Tag Archives: Jebel Akhdar

Diana’s Point

Alan Reed

Diana’s Point, Jebel Akhdar

Diana’s Point is named after Princess Diana of Wales who visited Jebel Akhdar with Prince Charles in November 1986.

We first went to Diana’s Point on Jebel Akhdar in Oman back in November 2007. The previous year I had received a number of commissions for a client in Oman depicting scenes around the Al Hajar Mountain range so I felt it would be important for me to visit this stunning landscape for myself. I was not wrong. Apart from the invaluable experience of being able to sketch there on location, six years later my large watercolour of Jebel Akhdar Won the Artist Prize in the Royal Watercolour Society. The winning painting is available as a limited edition print.

Earlier this year we watched a BBC programme on Amazing Hotels hosted by Giles Coren and Monica Galetti. One of the episodes featured the new Anantara Hotel built on the area where Susan and I had a picnic on some rocks back in 2007, long before the hotel was built!

The Anantara Hotel really does live up to the programme. Apart from the total luxury, fantastic food and infinity pool, they have an amazing viewing area called Diana’s Point that overlooks the dramatic canyon below. Early in the morning you can watch the sun catching the jagged mountains. In the evening you can watch the sun disappear behind the horizon.

I did several sketchbook watercolours, some early morning, others at sunset. This A4 size watercolour on handmade paper forms part of my Christmas Exhibition at our Studio & Gallery in Ponteland starting on the weekend of the 24th & 25th November 9:30 – 5pm.

I’ve made a short, one minute time lapse video which you can see on YouTube that shows the main part of the painting process. On the left hand side of the screen you can see one of my sketchbook watercolours painted late afternoon.

 

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The Artist

Painting of Jebel Akhdar, Oman

Original Watercolour of Jebel Akhdar, Oman

In 2013 I won “The Artist Prize” in the Royal Watercolour Society competition with my painting of Jebel Akhdar, Oman. The prize was a 3 page feature in “The Artist” Magazine where the writer Susie Hodge interviewed me.

I’m regularly asked questions by art students about my working methods and how I started off as an artist so I thought it may be helpful for me to post some of my answers. Here are the first 10 answers.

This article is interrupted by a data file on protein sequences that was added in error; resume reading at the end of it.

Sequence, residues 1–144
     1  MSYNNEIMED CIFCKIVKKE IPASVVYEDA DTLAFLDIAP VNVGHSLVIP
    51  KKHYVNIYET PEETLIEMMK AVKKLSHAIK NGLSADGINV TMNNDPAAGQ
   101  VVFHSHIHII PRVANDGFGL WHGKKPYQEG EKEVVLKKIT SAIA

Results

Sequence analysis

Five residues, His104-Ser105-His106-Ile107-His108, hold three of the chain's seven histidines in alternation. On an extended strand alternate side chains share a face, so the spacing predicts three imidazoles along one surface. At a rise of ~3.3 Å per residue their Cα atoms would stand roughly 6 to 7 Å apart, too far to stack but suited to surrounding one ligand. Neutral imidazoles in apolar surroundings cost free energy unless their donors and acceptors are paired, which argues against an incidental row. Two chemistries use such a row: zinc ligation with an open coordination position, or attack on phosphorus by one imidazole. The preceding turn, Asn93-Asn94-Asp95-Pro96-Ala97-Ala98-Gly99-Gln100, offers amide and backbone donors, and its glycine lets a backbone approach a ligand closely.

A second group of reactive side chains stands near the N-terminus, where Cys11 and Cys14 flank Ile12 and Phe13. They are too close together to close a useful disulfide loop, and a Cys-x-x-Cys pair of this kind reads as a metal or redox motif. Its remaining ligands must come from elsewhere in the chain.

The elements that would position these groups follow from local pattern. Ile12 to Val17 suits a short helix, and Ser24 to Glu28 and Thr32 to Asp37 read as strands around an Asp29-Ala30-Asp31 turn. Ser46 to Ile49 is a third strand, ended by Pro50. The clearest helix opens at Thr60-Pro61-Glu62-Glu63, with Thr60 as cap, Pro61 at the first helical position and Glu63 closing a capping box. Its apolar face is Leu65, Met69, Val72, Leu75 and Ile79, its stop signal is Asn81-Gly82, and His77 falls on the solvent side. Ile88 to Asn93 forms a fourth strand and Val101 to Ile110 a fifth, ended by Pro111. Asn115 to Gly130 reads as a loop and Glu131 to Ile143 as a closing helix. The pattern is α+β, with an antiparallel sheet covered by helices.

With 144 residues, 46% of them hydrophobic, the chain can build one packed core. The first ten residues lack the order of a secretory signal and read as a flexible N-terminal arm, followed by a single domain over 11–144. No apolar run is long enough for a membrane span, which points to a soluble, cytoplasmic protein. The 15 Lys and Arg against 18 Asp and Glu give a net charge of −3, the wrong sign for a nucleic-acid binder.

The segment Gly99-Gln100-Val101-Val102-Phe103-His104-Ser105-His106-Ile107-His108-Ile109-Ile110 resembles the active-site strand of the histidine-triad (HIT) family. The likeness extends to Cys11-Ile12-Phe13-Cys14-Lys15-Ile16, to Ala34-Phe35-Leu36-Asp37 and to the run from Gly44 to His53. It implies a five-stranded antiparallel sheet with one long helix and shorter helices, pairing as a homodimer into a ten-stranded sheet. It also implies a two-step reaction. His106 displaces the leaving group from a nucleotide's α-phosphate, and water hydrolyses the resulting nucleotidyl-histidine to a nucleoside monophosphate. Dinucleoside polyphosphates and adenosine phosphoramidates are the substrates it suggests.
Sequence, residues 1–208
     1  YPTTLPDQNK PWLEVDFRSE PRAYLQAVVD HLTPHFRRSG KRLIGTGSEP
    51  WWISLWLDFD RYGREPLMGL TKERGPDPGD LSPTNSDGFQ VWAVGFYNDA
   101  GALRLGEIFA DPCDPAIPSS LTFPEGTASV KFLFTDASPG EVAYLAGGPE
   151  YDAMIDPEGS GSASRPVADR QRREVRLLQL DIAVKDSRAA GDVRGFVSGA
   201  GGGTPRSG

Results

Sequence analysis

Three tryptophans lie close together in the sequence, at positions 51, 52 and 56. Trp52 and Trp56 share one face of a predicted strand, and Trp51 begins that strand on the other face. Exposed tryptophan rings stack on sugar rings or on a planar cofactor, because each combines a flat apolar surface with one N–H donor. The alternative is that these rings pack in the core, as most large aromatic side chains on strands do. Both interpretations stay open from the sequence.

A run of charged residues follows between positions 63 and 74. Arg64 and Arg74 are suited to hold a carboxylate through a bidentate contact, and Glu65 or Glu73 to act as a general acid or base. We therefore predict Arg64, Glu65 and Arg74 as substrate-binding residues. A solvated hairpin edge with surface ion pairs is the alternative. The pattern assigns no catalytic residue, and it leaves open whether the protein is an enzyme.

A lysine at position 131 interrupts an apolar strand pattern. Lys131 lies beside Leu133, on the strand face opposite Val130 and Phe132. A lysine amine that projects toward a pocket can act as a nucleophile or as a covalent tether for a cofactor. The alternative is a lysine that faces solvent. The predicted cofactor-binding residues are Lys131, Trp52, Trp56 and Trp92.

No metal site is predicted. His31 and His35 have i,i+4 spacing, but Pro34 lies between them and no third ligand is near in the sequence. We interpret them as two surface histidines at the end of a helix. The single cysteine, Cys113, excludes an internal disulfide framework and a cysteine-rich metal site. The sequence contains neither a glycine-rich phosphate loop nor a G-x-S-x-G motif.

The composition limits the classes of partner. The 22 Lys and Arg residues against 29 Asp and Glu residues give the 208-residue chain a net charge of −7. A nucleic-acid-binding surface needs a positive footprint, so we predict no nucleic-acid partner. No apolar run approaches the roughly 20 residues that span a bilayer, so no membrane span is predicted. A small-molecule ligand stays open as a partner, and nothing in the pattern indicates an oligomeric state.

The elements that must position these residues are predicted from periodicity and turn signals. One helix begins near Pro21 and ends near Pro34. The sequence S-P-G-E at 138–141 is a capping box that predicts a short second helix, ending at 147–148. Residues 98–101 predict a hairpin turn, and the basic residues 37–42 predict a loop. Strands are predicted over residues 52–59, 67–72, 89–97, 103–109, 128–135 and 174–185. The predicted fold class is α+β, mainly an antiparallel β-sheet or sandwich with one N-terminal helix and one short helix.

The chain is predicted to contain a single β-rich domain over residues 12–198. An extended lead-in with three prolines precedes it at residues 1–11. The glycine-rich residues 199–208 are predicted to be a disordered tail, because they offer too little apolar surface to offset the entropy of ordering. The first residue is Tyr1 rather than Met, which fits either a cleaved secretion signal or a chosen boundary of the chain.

1. Although I had seen my father use watercolours and I had always admired Rowland Hilder’s paintings featured in the Artist’s Britain Calendars in the 1970’s it wasn’t until the age of 15 that I first tried them out at school through my art teacher. I immediately fell in love with the way one could achieve different colours by laying one wash on top of another. I enjoyed art at school, particularly when I came second in an art competition at the age of 9. With the prize money I purchased some poster paints which I then used to win first prize in another art competition the following year with a painting of Bamburgh Castle.
  2. There was never really any doubt in my mind that I wanted to become an artist, particularly with my father Ken Reed) being an artist and seeing my grandfather paint too.

    Alan Reed

    Winter Landscape after Rowland Hilder

  3. I left school at 16 and went to art college in Newcastle upon Tyne studying Graphic Design and illustration. At college we were introduced to lots of different mediums. None of the lecturers showed me how to use watercolour though. I recall starting to teach myself one summer holiday by studying Rowland Hilder’s paintings. I showed my efforts to my lecturers the following term and they were very encouraging. Some of them actually bought my paintings. I had my first exhibition as an art student in our local library and sold all 12 paintings exhibited. I started to receive commissions from the exhibition.
  4. A couple of years after leaving college I decided to go self employed as a full time artist at the age of 22 using the Enterprise Allowance Scheme. To be eligible you had to be unemployed for several weeks then open up a business account with £1000 in. The government would then pay you £40 a week for a year. I guess 99% of the businesses would have failed but it was a great help to me. I also did a couple of days part time lecturing in art and design around the North East which was an additional income. I gave up the lecturing around 2004 although I still do 3 or 4 watercolour demonstrations to various art clubs around the North East.
  5. The time I spend on doing a painting varies. If I’m painting “plein air” it will take an hour or two. I might spend a little time in the studio to finish it off if required. Studio paintings will generally take a day to two weeks depending on the size, subject matter and interruptions!

    Alan Reed

    Sketchbook Watercolour of the Arch of Titus

  6. If I’m painting a landscape or cityscape in watercolour I will use a combination of sketchbook studies painted on location and my own photographs. I sometimes have to work off the clients photographs on some commissioned work. If I’m painting a portrait in oils, then I much prefer painting from life over a period of 4-6 sittings rather than photographs.